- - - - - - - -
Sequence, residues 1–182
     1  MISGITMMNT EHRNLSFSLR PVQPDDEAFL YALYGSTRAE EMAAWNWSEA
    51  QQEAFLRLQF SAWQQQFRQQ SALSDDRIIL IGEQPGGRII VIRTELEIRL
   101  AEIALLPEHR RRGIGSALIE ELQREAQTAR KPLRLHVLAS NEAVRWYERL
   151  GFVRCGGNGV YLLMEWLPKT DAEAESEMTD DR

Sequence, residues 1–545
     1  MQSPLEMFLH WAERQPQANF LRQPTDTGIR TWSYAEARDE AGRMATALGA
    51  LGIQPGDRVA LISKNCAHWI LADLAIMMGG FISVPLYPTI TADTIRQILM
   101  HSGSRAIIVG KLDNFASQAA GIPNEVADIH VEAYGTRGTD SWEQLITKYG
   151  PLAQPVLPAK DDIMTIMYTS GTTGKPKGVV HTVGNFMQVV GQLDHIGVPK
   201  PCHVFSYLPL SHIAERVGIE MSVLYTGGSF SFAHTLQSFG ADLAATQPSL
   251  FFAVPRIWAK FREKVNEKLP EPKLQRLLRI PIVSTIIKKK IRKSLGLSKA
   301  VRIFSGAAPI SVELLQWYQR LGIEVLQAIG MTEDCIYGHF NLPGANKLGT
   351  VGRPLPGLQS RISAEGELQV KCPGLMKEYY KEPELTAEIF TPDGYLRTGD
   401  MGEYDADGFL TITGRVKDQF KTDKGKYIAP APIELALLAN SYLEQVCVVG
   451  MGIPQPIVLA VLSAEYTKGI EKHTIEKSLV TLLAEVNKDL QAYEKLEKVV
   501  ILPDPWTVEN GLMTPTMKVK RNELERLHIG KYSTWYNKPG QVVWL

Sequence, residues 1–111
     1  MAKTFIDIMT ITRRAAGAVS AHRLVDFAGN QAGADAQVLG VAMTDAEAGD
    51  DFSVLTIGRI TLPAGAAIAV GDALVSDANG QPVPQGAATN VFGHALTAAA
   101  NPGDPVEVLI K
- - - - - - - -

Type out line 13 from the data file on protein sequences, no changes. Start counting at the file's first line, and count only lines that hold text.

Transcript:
   301  VRIFSGAAPI SVELLQWYQR LGIEVLQAIG MTEDCIYGHF NLPGANKLGT